No survivors found after plane that flew over DC and crashed fighter jet in Virginia


WASHINGTON (AP) — An erratic and unresponsive business jet that flew over the nation’s capital Sunday afternoon prompted the military to fly in a fighter jet before the plane crashed in Virginia, officials said. The fighter jet caused a loud boom that was heard in the capital region.

Hours later, police said rescuers had arrived at the crash site in a rural area of ​​the Shenandoah Valley and that no survivors had been found.

The Federal Aviation Administration says the Cessna Citation took off from Elizabethton, Tennessee on Sunday and was headed to MacArthur Airport on Long Island. Inexplicably, the plane turned over New York’s Long Island and flew a straight path over DC before crashing into mountainous terrain near Montebello, Virginia around 3:30 p.m.

It was not immediately clear why the plane was unresponsive, why it crashed or how many people were on board. The plane flew directly over the nation’s capital, even though it was technically flying over some of the most restricted airspace in the country.

A US official confirmed to The Associated Press that military jets rushed to respond to the small plane, which was not responding to radio transmissions and later crashed. The official was not authorized to publicly discuss details of the military operation and spoke on condition of anonymity.

According to the Pentagon, six F-16 fighter jets were immediately deployed to intercept the plane. Two planes from the 113th Fighter Wing, from Joint Base Andrews in Maryland, were the first to reach the Cessna to begin attempts to contact the pilot. Two F-16s from New Jersey and two from South Carolina also responded to the incident.

Flight tracking sites showed the plane went into a rapid spiral descent, at one point descending at more than 30,000 feet per minute before crashing in the wilderness of St. Mary’s.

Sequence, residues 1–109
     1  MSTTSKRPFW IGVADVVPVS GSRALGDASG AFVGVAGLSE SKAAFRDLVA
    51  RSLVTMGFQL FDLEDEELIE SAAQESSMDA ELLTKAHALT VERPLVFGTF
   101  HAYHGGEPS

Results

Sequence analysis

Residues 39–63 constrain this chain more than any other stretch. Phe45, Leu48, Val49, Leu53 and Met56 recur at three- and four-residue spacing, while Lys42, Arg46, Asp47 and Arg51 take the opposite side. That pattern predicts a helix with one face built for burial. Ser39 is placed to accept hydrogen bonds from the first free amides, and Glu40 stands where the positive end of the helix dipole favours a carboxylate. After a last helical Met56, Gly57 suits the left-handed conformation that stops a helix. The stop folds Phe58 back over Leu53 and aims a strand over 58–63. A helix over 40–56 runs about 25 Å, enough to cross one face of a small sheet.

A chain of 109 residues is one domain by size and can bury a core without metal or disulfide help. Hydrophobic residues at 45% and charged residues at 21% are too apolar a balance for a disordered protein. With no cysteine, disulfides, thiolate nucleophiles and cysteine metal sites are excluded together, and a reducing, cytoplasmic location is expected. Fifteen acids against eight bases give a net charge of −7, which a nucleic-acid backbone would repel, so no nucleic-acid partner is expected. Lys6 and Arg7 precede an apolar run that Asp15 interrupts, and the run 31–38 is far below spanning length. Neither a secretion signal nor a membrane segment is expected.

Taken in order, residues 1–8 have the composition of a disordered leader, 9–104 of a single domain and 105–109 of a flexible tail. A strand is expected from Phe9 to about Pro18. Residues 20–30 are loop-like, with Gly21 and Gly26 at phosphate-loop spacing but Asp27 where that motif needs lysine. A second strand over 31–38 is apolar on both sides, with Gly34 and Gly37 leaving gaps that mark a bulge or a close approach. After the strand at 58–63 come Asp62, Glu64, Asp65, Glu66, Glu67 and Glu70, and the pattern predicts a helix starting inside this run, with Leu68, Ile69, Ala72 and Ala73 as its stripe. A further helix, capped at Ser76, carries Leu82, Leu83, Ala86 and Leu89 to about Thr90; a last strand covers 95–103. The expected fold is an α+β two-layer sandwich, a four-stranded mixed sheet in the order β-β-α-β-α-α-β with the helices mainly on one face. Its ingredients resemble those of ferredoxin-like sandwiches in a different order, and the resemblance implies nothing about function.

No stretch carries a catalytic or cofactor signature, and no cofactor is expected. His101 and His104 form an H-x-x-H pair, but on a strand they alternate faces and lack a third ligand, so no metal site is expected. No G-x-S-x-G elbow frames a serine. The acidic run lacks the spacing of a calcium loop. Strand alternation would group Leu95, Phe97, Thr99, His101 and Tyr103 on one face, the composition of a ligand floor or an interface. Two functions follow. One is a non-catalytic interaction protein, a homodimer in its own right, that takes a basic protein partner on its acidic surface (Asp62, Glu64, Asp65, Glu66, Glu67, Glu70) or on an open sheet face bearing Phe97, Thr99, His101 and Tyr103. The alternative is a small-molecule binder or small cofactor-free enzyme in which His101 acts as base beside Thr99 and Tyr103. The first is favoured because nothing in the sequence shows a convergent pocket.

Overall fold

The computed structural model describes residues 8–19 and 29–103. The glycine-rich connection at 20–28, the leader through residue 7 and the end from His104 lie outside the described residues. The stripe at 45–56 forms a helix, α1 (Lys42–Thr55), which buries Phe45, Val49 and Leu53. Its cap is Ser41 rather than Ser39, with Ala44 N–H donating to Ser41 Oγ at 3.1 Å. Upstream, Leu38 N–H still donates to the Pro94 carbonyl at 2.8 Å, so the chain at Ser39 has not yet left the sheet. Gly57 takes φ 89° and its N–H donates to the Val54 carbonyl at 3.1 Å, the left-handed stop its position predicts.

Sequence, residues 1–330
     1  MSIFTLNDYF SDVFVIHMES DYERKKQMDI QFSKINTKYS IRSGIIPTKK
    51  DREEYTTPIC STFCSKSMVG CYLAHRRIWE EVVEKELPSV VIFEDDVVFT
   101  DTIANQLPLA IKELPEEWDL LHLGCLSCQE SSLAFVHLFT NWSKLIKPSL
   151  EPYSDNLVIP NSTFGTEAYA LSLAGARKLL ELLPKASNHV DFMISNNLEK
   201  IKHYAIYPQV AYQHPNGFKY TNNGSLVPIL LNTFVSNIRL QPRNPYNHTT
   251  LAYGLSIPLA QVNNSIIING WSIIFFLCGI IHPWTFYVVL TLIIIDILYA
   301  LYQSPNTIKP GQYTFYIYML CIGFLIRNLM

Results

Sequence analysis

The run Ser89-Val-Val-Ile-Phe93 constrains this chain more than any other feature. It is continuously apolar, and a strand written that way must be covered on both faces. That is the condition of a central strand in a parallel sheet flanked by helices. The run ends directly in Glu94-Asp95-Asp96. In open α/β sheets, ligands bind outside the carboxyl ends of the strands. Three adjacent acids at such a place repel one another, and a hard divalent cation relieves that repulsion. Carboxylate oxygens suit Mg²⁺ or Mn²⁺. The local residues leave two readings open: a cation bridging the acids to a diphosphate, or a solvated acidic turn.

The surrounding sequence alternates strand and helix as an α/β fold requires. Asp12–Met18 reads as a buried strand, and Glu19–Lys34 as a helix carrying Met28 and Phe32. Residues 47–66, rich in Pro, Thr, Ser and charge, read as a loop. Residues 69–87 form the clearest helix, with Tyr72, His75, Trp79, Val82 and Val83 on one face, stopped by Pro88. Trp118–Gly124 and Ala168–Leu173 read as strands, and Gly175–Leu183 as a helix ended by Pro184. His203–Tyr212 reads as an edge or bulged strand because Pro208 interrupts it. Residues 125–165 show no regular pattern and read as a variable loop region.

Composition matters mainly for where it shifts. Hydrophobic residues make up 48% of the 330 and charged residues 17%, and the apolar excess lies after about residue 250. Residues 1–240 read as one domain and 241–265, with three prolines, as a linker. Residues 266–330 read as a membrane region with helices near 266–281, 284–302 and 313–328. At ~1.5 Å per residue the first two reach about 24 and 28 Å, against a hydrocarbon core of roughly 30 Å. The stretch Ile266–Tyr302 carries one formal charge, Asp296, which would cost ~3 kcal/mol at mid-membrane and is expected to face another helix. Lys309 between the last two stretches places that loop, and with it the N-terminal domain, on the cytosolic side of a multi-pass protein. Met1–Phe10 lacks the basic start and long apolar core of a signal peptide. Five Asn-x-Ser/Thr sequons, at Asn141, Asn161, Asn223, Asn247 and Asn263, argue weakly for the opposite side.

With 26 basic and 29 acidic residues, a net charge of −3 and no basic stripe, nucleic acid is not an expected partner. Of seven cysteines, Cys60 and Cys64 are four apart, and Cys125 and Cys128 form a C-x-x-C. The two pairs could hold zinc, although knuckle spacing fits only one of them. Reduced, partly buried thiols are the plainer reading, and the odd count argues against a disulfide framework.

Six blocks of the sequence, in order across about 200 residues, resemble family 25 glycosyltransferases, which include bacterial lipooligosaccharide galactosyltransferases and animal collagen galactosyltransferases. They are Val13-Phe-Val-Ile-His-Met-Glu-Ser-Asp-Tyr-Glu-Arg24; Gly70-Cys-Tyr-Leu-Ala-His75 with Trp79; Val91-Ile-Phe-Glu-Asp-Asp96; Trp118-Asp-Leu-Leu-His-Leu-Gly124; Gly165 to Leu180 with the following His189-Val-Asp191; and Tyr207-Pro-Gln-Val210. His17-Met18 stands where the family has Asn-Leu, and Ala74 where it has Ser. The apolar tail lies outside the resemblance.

The North American Aerospace Defense Command later said in a statement that the F-16 was cleared to travel at supersonic speeds, which caused a sonic boom that was heard in Washington and parts of Virginia and Maryland.

In Fairfax, Virginia, Travis Thornton was sitting on a couch next to his wife, Hannah, and had just started recording himself playing guitar and harmonica when they were startled by a loud noise and a thud that can be heard in the video. The couple jumped in to investigate. Thornton tweeted that they checked in with their children upstairs, then went outside to check on the house and talk to neighbors.

“During this event, NORAD aircraft also used flares – which may have been visible to the public – in an attempt to attract the pilot’s attention,” the NORAD statement said. “Missiles are used with the utmost care for the safety of intercepted aircraft and people on the ground. The rockets burn quickly and completely, and there is no danger to people on the ground when they are deployed.”

Virginia State Police said officers were notified of the possible crash shortly before 4 p.m., and rescuers arrived on the scene on foot about four hours later. No survivors were found, police said.

The plane that crashed was registered to Encore Motors of Melbourne Inc, which is based in Florida. John Rumpel, who runs the company, told The New York Times that his daughter, 2-year-old niece, her nanny and the pilot were on board the plane. They were returning to their home in East Hampton, Long Island, after visiting his home in North Carolina, he said.

Rumpel, a pilot, told the newspaper he did not have much information from authorities, but suggested the plane may have lost pressure.

“It was descending at 20,000 feet per minute, and no one could survive a crash at that speed,” Rumpel told the newspaper.

A woman who identified herself as Barbara Rumpel, listed as the company’s president, said she had no comment Sunday when contacted by The Associated Press.

The episode brought back memories of the 1999 crash of a Learjet that lost cabin pressure and flew aimlessly across the country with professional golfer Payne Stewart on board. The plane crashed in a pasture in South Dakota and six people died.

President Joe Biden was playing golf at Joint Base Andrews around the time the fighter jet took off. Anthony Guglielmi, a spokesman for the US Secret Service, said the incident had no impact on the president’s movements on Sunday. Biden was playing golf at the Maryland military base with his brother in the afternoon.

A White House official said the president had been briefed on the crash and that aircraft noise was low at Joint Base Andrews.


Associated Press writers Chris Megerian and Zeke Miller in Washington and Christopher Weber in Los Angeles contributed to this report.

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